Nathan is a Michigan State junior who is majoring in journalism. He also is the Sports Editorial Assistant and Football Beat Reporter for Impact 89FM. For JRN 300, he will be covering the community of Troy
As the Supreme Court actively considers the merits of a lawsuit by Texas and other states looking to overturn the Affordable Care Act, many different people would feel wide-ranging impacts if the law is repealed, including young adults who currently are under their parent’s health insurance.
With COVID-19 cases spiking across Michigan (and the U.S.), the fire and police department in Troy have been forced to be more mindful of where to expend their limited resources in addition to implementing new protocols to ensure the safety of its firefighters and police officers. “Just with the way our system operates, we are usually only having one person in the (firetruck) at a time, ”said Lt. Dan Mahrle of the Troy Fire Department. “Other firefighters will actually take their personal vehicles to the scene, so that helps us out a little bit.”
Mahrle said that since the Troy Fire Department contracts out local emergency service calls (car accidents, medical distress, etc.) to Alliance Mobile Health when medical emergencies occur in Troy, firefighters have been fortunate since they aren’t directly dealing with COVID-19 positive members of the community. A new training program for firefighters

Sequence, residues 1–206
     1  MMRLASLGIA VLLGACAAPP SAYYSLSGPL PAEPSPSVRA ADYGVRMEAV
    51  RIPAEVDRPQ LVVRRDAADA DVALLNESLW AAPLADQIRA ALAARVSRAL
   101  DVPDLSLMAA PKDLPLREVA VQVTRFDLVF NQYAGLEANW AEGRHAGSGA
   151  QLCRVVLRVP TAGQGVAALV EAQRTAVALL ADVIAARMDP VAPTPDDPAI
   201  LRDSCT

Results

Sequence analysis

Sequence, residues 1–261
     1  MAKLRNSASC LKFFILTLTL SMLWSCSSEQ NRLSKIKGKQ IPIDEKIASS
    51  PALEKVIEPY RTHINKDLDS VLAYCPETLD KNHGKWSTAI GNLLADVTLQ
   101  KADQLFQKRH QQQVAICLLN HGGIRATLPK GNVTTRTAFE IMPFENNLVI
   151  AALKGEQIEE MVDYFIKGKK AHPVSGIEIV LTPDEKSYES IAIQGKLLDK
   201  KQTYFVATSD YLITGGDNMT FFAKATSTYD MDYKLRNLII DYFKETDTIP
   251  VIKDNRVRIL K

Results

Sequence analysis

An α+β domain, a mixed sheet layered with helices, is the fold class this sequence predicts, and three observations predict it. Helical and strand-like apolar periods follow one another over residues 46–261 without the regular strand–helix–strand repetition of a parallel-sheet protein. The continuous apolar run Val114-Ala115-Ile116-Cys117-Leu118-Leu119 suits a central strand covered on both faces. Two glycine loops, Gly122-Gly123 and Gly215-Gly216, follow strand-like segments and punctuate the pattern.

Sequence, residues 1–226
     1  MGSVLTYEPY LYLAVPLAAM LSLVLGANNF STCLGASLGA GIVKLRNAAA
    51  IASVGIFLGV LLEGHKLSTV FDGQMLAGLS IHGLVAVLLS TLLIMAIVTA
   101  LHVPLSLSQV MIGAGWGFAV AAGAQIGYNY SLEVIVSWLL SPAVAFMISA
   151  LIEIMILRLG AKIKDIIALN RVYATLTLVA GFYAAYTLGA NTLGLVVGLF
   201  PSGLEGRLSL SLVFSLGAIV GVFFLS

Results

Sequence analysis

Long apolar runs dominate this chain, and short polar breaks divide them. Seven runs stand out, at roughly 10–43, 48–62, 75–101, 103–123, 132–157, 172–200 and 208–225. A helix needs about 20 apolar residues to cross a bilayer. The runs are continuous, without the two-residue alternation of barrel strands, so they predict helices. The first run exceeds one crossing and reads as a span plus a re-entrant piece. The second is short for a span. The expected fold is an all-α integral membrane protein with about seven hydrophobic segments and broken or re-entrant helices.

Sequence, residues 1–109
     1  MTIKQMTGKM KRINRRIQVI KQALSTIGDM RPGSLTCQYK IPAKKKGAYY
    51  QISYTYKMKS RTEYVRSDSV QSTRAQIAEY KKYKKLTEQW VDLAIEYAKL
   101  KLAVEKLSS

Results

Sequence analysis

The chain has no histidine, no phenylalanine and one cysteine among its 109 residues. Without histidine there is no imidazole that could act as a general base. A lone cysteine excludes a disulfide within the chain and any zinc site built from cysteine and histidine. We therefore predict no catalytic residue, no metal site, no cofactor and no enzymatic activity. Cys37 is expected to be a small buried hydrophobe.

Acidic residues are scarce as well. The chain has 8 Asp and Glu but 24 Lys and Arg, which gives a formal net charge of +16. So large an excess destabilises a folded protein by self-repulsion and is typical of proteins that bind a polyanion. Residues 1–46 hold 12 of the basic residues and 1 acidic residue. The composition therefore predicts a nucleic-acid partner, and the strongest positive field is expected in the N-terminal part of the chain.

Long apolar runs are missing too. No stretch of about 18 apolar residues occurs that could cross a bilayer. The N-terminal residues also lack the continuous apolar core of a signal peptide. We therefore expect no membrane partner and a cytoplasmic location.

The Troy Fire Department, which consists of 180 volunteer firefighters and 11 tenured paid staff members across six stations, is the largest volunteer firefighter unit in the state of Michigan. As such, during the pandemic, those 11 paid staff members, including Lt. Mahrle, were forced to put their heads together and come up with a new training program to allow for new volunteer firefighters to understand the risks of the virus.
As with municipalities in heavily-populated communities across the country, the city of Troy has been forced to undertake creative measures to ensure restaurants, hotels and retail establishments stay in business during the COVID-19 pandemic.
Student-athletes across the Troy school district have been dealt a mandate from Troy High School Athletic Director, Shane Hynes: Either exercise common sense during non-school hours and interact with as few people as possible or risk putting the entire fall sports season in danger